If it doesn’t go well, we need to take contingency action.

But if we take this action too soon, we get ourselves into trouble.

We have all been there.

Take your time to answer…

When we teachers ask these questions, there is a process that must unfold within the student. Simply put, our students need to:

  1. hear the question
  2. process the question grammatically and lexically
  3. interpret the question
  4. conceive a response
  5. frame that response in the target language
  6. (optional) monitor that response for grammatical and lexical accuracy
  7. engage their organs of speech (lungs, larynx, tongue, lips etc) to produce a soundwave which phonologically accurately encodes their response
  8. send the response message
  9. (optional) monitor their message production in real-time for accuracy and adjust as deemed necessary – doing this entails diverting some cognitive effort to monitoring the response of the listener, for which there may ironically be an opportunity to pay in terms of fluency and/or accuracy

Like a parachute, this unfolding of the response process, even to a simple question, takes time.

How much time?

In my experience, curiously enough, it seems to take about three seconds.

As easy as 1-2-3…

If we teachers wait about three seconds after asking a question, we allow our students to work through this process, which greatly increases our chances of getting an answer from them. By counting slowly to three (silently – not screaming it at the top of our lungs!), we give ourselves something to focus on instead of the sense of panic that some of us feel whenever silence enters a classroom.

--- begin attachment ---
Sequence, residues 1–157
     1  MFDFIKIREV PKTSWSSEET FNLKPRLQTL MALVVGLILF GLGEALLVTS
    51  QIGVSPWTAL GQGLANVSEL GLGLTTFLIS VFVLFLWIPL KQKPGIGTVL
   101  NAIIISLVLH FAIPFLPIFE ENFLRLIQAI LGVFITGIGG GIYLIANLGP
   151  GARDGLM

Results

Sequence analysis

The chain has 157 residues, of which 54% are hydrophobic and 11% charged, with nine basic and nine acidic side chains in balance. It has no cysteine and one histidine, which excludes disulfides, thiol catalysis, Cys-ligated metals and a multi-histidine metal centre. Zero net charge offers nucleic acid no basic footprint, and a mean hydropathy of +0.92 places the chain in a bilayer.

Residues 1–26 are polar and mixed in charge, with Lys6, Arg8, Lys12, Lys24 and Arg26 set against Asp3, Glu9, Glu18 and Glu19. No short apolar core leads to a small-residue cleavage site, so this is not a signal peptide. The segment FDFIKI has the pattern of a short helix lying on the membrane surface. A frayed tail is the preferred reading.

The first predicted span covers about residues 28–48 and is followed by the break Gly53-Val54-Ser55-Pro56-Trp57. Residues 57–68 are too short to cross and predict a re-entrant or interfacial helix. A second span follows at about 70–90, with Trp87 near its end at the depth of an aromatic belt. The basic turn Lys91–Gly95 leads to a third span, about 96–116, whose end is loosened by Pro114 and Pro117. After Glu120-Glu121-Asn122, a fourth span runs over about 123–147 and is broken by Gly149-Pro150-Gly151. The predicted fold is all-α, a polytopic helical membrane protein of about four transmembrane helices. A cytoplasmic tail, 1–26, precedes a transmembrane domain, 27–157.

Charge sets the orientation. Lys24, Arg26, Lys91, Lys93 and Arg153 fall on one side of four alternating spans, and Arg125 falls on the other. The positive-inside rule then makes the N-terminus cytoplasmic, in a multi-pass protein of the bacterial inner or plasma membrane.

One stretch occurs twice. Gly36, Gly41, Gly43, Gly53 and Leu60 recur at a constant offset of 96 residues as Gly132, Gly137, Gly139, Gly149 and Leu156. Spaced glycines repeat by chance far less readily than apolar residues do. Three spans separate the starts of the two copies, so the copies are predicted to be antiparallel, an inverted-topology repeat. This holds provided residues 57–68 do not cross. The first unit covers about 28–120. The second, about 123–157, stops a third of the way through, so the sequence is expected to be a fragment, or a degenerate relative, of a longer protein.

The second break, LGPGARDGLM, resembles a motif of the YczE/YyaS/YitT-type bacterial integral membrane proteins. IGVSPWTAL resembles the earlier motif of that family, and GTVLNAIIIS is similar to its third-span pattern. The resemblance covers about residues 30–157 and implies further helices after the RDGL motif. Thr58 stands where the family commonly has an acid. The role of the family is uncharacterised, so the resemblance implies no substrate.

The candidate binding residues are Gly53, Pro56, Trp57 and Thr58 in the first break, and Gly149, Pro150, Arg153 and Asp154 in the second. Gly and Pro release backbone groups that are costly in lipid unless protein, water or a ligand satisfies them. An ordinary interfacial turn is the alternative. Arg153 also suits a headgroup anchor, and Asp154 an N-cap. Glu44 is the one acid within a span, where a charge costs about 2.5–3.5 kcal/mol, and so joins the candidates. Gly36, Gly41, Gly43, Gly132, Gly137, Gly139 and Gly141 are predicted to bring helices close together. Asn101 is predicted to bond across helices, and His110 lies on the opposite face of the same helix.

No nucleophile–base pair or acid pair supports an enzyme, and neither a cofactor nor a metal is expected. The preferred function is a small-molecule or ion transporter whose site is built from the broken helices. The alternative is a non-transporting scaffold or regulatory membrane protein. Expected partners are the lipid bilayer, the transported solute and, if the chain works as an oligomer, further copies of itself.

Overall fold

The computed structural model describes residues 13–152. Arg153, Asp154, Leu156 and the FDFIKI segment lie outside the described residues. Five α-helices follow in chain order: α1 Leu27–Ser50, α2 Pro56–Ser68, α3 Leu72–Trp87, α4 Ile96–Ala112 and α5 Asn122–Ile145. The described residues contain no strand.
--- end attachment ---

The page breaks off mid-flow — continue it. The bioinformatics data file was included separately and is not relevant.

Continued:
In this silence, the learners can process the question and form their response, while the teacher can survey the faces of the students and look for signs that a response might be coming.

Where there is a student whose body language suggests that they are coming to an answer but need some encouragement, we can offer this with a smile, or a gesture to draw them out.

In cases where there is nothing but blank faces when internally screaming CHECK!!! after three seconds, it’s time to reach for the reserve rip cord.

In a classroom, this could be one of several things: a re-phrasing of the question (in the case of a concept-checking question); providing the information required and checking again (in the case of an Elicitation Question); a demonstration or perhaps a wholedsale re-instruction (in the case of an Instruction-Checking Question).

After any of these metaphorical ripcords have been pulled, it’s time to start counting to three again.

If you start to hear answers by the time you count three, then you can relax and enjoy the ride.

If you don’t – well…

Look on the bright side: it may be a bumpy classroom landing for you, but a good lesson is one that you can still walk away from!